Monday was my last day of home health PT. Since I’ll be attending college this fall (as a day student), my insurance won’t cover home health PT anymore.
My physical therapist, Kyle, has come to my house to do PT with me 2-3 times a week since March 2022. Kyle wasn’t an expert in hEDS and my other conditions initially, but he got up to speed quickly, reading publications and doing his own research.
I remember the first time Kyle came, I was 100% bed bound and had cardboard blocking all the windows in my room. I even made him whisper because the noise of talking aggravated my raging headache. That day, we did five ankle pumps on each foot (with no resistance), and that’s all we were able to do because even this small motion was so difficult for me. After the session, I cried both in pain and sadness over my lack of mobility.
For the first eight months, we couldn’t even work on my walking because I was unable to tolerate sitting. So that’s where we started. Progress was slow. Then it gradually became more like three steps forward and two steps back. Many times obstacles blocked my progress, and unexpected surgeries along the way would sometimes help or set me back. PT is hard work; it takes so much dedication to stay disciplined, push your body, but also not push it too far, and keep trying even when the results don’t reflect your perseverance.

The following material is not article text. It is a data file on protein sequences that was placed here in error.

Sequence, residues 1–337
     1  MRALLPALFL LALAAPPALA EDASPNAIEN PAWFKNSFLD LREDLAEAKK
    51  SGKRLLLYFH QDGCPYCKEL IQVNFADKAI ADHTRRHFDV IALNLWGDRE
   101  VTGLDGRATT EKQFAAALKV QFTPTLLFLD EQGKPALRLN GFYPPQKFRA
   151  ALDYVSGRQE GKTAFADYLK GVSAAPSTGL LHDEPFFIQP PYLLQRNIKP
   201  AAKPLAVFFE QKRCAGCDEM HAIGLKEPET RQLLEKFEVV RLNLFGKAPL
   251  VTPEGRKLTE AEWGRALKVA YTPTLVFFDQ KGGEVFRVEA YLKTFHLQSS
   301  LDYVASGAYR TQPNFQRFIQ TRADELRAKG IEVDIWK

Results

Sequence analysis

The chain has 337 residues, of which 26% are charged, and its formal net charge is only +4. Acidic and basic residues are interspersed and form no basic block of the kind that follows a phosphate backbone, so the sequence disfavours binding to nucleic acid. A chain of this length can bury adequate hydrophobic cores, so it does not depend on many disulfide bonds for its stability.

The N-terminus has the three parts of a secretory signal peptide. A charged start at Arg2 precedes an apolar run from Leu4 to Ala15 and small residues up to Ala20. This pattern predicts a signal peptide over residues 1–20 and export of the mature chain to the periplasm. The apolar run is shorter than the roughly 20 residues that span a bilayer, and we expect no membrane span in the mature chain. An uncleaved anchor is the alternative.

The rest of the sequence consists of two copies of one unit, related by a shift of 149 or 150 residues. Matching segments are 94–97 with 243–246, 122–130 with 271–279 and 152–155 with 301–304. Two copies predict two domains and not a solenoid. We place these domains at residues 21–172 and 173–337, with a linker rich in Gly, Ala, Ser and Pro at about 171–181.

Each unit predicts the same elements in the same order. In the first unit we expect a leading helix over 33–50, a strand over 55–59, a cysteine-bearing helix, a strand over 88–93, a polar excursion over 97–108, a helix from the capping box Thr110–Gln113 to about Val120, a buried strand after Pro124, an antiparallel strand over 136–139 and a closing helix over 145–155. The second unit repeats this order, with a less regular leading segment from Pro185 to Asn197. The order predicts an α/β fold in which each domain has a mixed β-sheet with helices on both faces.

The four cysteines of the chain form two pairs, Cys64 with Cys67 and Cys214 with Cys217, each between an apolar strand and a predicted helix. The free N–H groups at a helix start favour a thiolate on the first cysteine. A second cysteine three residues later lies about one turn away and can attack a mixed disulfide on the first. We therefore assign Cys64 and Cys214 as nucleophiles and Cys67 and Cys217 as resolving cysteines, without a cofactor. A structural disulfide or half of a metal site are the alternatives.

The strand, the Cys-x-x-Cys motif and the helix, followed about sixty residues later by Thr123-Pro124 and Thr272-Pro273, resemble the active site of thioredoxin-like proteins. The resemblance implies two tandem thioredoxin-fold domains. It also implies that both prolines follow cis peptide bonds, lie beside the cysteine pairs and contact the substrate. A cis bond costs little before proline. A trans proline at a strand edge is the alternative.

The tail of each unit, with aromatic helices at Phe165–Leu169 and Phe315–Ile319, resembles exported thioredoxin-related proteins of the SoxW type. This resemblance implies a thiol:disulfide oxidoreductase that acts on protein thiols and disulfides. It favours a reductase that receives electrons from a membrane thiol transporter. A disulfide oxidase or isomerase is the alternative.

Now, over a year and a half later, I’m upright and walking with a cane. We’ve worked as a team to rehabilitate me, and I am so proud of the progress I’ve made. I will continue PT in an outpatient (but non homebound) setting now.
And while this graduation from Home Health PT is exciting, it is bittersweet. Kyle’s visits have become a constant in my life for the last 18 months and I am going to miss him. I am grateful for people like Kyle who are kind, patient, and make a difference in people’s lives.